I dream about wearing high heels.
I loved covering Barbie’s pointed toes with colored shoes to match every outfit she owned hour after hour as a child. I loved the way her legs looked in them, even though they couldn’t bend. Sometimes as an adult, I ask my friends if I can try on their heels just so I can see what I look like while they stand next to me in the mirror propping me up. I hope in heaven, I will have a closet of heels and get to wear the shiny red ones any time I want.
I found myself trapped in this day dream again while sitting at a meeting one night. The woman next to me was wearing these cute black and white plaid heels with black tips and a little gemstone on the top. I would look like such a beautiful woman in those…and then I stared down at my own shoes: black, flat, orthotic. I like to have a little hint in my wardrobe that I might, in fact, be a librarian. My shoes scream it.
There are moments when I’m frustrated by my footwear, especially the years I spent in Reeboks while trying to manage inserts, planter fasciitis, and a brace. Some days I would close eyes and tell myself, don’t think about it, don’t think about it, it’s not as bad as you think it is. Then I would open my eyes, see my Reeboks with a dress; Yuck! Cringe, and go to work.
I found myself one day after work sitting in a shiny lobby waiting to meet with a financial advisor. The receptionist had brought me a hot cup of coffee which I attempted to sip, but every time the door opened, there was this loud “click” which made me jump and spill on myself every time. Not going to lie, it was a rough 10 minutes.
Luckily I was soon rescued and seated in a private room away from the pesky door. The woman in front of me began clicking through slides on a screen, telling me about retirement, health insurance, and Roth IRAs. She had spent her life making friends with numbers when I had spent my time befriending words. My head was already spinning slightly when she gradually pushed her chair away from the table and said, “I know it’s just the two of us, but I typically stand up through this part of the presentation.” Suddenly, there was a tower in front of me, propped up by six inch heels. Her stilettos were the exclamation point on the end of a sentence that clearly read I am ABOVE you!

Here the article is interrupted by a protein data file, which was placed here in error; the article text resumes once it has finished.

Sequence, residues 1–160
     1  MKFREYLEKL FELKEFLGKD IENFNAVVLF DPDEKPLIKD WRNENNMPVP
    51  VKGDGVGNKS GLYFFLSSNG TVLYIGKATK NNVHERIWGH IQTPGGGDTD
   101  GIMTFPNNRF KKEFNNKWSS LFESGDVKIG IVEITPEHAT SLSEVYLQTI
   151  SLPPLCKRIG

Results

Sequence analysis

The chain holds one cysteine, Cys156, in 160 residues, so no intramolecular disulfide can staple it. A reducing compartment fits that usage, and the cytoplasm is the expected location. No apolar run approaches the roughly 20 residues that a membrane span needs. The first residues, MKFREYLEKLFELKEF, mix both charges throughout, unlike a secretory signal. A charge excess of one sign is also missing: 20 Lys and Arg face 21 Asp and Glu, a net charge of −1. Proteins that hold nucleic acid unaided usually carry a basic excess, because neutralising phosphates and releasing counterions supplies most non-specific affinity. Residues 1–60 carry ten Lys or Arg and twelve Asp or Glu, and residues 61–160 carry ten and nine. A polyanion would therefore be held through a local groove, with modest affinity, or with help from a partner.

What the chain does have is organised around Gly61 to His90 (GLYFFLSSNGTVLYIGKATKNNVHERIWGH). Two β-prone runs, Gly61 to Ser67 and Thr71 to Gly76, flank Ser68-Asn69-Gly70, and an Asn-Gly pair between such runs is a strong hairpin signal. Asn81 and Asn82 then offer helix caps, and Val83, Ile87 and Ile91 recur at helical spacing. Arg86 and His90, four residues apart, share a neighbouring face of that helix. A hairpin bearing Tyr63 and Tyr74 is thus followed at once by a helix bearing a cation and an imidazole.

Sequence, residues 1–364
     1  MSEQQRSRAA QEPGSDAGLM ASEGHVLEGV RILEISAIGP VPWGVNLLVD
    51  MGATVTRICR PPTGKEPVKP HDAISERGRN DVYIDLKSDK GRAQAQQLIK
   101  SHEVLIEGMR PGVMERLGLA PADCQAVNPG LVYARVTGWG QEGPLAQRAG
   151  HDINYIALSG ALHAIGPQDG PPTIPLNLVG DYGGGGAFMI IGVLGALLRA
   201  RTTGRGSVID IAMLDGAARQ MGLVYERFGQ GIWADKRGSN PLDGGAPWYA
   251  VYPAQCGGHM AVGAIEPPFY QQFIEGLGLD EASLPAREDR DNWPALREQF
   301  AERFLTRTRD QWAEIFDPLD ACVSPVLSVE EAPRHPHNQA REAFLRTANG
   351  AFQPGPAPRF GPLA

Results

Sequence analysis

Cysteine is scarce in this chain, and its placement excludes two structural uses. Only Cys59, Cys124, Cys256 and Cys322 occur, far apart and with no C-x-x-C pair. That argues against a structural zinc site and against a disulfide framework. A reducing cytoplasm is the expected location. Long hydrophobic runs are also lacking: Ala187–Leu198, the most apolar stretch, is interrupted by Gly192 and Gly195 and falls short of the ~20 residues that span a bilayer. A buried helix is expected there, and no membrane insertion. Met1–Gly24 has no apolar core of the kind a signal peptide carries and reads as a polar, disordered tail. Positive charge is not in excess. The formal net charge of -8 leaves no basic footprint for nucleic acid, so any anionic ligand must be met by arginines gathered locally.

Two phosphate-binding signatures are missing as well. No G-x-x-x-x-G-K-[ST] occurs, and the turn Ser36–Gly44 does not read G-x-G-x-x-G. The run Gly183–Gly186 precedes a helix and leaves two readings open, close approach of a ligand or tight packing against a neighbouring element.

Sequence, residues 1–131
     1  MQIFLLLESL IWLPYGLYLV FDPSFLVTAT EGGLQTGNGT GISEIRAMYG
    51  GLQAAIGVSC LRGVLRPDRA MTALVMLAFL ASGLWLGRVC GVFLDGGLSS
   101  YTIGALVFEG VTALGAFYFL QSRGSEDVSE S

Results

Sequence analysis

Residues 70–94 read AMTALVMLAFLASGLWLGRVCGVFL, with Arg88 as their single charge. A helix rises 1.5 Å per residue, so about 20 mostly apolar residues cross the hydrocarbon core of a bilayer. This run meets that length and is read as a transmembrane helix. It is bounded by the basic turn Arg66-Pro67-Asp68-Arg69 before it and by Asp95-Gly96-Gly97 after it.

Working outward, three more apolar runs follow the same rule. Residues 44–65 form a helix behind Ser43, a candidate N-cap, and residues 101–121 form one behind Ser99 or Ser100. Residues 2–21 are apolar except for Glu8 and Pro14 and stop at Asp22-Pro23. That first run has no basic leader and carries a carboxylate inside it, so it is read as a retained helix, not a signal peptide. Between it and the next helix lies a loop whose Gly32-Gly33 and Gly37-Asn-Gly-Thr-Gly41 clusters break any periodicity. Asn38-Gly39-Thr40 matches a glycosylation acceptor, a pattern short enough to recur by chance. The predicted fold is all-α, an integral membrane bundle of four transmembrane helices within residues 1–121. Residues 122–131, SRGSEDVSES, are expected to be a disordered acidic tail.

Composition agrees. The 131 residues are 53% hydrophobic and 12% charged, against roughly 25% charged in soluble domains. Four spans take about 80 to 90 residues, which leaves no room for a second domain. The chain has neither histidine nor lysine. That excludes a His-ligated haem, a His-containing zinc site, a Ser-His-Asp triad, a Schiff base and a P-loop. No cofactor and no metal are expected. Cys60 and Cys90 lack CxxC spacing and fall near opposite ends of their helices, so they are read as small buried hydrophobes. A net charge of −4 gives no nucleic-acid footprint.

This wasn’t about Barbie anymore.
As I looked up at her, I began to feel:
I looked down, and for a moment, I felt thankful. Thankful that my misshapen feet have somehow kept me by default from towering over another person, making them feel as miniscule as I felt in that moment. I pictured my students in my reading nook, huddled around me. I wondered what kind of message I was portraying in the fatigue I’ve resigned myself to; to, instead, sit and look at my students from eye level instead of standing above them.
Perspective can be life altering; eye level is one thing, but…
What does it mean to come underneath?
I’ve pondered this question often since my encounter with those six inch heels.
I thought about it again while sitting in a pedicure shop in Minnetonka as a little Vietnamese woman sat on a stool and carefully washed and massaged my feet last March, bringing some relief to my aching fascia. As she painted my nails, I learned that she faithfully worked seven days a week, serving others in this way. Her act of service was a gift to me and almost felt holy.
I imagine that when Jesus came to earth, he likely walked its roads in sandals. And when it was time, he took a towel, wrapped it around His waist, and washed the feet of his disciples. Jesus came for Matthew, Mark, Luke, and John, but he also came for financial advisors, tired librarians, and Vietnamese pedicurists. He came for you and He came for me. He came so we might learn from Him to take off our six inches of power and position, so that we too, might learn to serve.